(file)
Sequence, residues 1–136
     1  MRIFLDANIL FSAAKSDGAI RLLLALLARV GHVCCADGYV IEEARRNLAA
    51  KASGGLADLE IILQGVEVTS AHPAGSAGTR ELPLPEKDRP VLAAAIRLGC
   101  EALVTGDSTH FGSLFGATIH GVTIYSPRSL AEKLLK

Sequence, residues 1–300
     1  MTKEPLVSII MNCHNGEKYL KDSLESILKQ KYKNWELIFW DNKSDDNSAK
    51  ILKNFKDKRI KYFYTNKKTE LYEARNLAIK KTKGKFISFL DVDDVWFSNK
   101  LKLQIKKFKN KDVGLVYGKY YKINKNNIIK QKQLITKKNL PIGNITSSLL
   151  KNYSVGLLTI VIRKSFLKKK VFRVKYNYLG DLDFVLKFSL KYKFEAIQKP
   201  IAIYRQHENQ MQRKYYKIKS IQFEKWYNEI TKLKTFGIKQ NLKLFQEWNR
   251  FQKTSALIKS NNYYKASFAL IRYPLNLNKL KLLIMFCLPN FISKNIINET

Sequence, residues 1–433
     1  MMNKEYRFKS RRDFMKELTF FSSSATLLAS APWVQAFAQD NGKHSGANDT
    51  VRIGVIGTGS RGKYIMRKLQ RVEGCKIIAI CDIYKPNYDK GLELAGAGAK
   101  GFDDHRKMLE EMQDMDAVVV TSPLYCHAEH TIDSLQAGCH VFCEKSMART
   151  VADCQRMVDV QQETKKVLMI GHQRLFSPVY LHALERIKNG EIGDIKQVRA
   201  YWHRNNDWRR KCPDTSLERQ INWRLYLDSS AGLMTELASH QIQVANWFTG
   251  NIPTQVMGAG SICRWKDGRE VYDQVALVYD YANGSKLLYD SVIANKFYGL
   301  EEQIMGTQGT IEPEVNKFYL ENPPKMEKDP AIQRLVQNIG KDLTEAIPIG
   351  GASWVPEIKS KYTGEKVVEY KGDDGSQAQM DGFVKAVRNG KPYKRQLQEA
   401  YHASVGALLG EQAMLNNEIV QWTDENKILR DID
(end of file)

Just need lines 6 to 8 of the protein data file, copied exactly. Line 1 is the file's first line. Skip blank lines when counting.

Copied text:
     1  MTKEPLVSII MNCHNGEKYL KDSLESILKQ KYKNWELIFW DNKSDDNSAK
    51  ILKNFKDKRI KYFYTNKKTE LYEARNLAIK KTKGKFISFL DVDDVWFSNK
   101  LKLQIKKFKN KDVGLVYGKY YKINKNNIIK QKQLITKKNL PIGNITSSLL